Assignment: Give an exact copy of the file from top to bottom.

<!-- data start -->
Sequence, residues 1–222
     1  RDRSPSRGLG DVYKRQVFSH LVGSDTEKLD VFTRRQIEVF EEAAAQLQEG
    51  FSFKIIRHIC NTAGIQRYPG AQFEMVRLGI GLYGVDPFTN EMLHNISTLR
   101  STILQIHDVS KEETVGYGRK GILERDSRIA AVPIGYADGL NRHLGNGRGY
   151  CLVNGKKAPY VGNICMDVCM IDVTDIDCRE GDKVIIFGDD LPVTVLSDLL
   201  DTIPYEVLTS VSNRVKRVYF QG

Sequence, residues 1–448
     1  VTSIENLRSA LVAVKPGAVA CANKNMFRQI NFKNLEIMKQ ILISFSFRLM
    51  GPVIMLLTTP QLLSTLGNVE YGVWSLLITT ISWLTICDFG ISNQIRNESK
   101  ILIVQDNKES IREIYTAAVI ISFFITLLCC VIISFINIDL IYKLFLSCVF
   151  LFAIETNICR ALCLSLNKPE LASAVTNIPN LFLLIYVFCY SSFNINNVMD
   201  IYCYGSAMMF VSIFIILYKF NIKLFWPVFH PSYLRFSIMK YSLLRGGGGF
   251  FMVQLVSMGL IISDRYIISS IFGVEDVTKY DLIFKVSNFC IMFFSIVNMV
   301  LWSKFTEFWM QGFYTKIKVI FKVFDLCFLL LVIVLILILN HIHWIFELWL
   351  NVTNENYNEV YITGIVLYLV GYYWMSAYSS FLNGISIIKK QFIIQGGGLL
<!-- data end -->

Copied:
Sequence, residues 1–222
     1  RDRSPSRGLG DVYKRQVFSH LVGSDTEKLD VFTRRQIEVF EEAAAQLQEG
    51  FSFKIIRHIC NTAGIQRYPG AQFEMVRLGI GLYGVDPFTN EMLHNISTLR
   101  STILQIHDVS KEETVGYGRK GILERDSRIA AVPIGYADGL NRHLGNGRGY
   151  CLVNGKKAPY VGNICMDVCM IDVTDIDCRE GDKVIIFGDD LPVTVLSDLL
   201  DTIPYEVLTS VSNRVKRVYF QG

Sequence, residues 1–448
     1  VTSIENLRSA LVAVKPGAVA CANKNMFRQI NFKNLEIMKQ ILISFSFRLM
    51  GPVIMLLTTP QLLSTLGNVE YGVWSLLITT ISWLTICDFG ISNQIRNESK
   101  ILIVQDNKES IREIYTAAVI ISFFITLLCC VIISFINIDL IYKLFLSCVF
   151  LFAIETNICR ALCLSLNKPE LASAVTNIPN LFLLIYVFCY SSFNINNVMD
   201  IYCYGSAMMF VSIFIILYKF NIKLFWPVFH PSYLRFSIMK YSLLRGGGGF
   251  FMVQLVSMGL IISDRYIISS IFGVEDVTKY DLIFKVSNFC IMFFSIVNMV
   301  LWSKFTEFWM QGFYTKIKVI FKVFDLCFLL LVIVLILILN HIHWIFELWL
   351  NVTNENYNEV YITGIVLYLV GYYWMSAYSS FLNGISIIKK QFIIQGGGLL